12 From theorem 3.5 we have that f shk( K j ) for each j = 1, 2,..., m. Hence for each η > 0 and for each j there exists a gauge δ j on K j such that S(f, P j) (HK) f dh s K j < η m for each δ j fine partition P j of K j. Let P = P 0 m P j=1 j. Then P is a δfine partition of and since S(f, P ) = S(f, P 0 ) + m j=1 S(f, P j) we have that (HK) f dh s = (HK) f dh s + m j=1 (HK) f dh s. K j Therefore { m } = S(f, P ) S(f, P j ) { } f(x i )H s (Ãi) (HK) f dh s j=1 S(f, P ) (HK) < ε + m η m = ε + η. f dh s + = S(f, P 0) (HK) f dh s m s} f dh s (HK) f dh j=1 K j m S(f, P j) (HK) f dh s kj { (HK) j=1 Since η > 0 is arbitrary, the first inequality is proved. To prove the second part, let } P 0 {(Ãi, + = x i ) P 0 : f(x i )H s (Ãi) (HK) f dh s 0 and let P0 = P 0 \ P 0 +. Let us note that both P 0 + and P 0 of, so they satisfy the first part of Lemma. are δfine subpartition 12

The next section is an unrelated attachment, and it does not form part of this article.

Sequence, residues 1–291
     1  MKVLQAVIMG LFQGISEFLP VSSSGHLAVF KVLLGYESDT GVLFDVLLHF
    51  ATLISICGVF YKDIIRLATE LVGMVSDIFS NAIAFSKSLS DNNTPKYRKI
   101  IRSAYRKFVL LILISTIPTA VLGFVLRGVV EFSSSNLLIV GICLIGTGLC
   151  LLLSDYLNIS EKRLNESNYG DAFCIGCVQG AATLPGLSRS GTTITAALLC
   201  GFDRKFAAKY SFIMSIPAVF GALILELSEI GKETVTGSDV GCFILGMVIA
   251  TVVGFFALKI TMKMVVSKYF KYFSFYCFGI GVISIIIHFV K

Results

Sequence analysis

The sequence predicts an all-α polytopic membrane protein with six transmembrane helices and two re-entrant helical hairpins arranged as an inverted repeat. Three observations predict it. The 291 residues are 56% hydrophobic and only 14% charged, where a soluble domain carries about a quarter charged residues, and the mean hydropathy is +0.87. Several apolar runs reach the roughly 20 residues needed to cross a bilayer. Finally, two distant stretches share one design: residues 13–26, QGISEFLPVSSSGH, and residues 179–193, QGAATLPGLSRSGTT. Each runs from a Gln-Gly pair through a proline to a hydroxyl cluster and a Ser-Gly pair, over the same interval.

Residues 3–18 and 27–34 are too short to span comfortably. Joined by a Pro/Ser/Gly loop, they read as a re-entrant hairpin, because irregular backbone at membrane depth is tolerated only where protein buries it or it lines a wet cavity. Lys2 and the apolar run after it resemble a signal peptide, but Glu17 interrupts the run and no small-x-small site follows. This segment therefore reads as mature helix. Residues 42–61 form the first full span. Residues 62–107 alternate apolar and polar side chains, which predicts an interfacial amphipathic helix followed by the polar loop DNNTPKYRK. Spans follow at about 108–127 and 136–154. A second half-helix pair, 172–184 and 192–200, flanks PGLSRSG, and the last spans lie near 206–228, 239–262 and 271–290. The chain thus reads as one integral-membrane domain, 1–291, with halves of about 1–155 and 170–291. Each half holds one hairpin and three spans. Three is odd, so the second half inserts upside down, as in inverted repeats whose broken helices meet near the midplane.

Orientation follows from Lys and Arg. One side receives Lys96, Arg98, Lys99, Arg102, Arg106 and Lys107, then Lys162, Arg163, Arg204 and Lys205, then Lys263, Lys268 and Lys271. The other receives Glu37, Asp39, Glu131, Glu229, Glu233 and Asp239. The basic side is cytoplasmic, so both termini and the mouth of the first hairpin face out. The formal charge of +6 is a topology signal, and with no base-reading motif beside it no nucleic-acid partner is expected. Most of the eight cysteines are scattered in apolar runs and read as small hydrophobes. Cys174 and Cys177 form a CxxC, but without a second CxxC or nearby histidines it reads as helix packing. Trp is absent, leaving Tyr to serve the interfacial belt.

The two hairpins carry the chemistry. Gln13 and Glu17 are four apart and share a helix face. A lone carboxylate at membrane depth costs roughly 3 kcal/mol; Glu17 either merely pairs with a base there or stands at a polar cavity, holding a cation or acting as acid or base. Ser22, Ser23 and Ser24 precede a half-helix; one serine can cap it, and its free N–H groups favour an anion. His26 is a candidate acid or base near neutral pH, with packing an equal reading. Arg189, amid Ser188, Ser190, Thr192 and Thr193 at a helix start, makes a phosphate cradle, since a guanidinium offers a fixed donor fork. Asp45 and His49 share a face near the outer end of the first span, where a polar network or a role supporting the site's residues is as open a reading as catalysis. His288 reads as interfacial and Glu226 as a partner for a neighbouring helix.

13 Thus, f(x i)h s (Ãi) (HK) f dh s { } = f(x i )H s (Ãi) (HK) f dh s (Ãi,xi) P + 0 (Ãi,xi) P 0 ε + ε = 2ε. { } f(x i )H s (Ãi) (HK) f dh s Theorem 3.8 (Cauchy extension). Let f : R be a function shk integrable on [c, b] for each c (a, b). If lim c a +(HK) [c,b] f dh s exists, then f is shk integrable on and (HK) f dh s = lim (HK) f dh s. c a + [c,b] Proof. Let ε > 0 and let {c n } n=0 be a strictly decreasing seguence of real numbers of such that c 0 = b and inf n N c n = a. Let A = lim c a +(HK) [c,b] f dh s. Choose N such that (HK) [x,b] for x (a, ( ) c N ] and f(a) H s [a, cn ] < ε 4. f dh s A < ε 4 From Theorem 3.5, since f is shk integrable on [c, b] for each c (a, b), then f shk( [c k, c k 1 ]). Therefore, for ε > 0 and for each positive integer k, we let δ k be a gauge on [c k, c k 1 ] such that S(f, Q k) (HK) for each δ k fine partition Q k of [ck, c k 1 ]. Define a gauge δ on by setting [c k,c k 1 ] f dh s < ε 4(2 k ) 13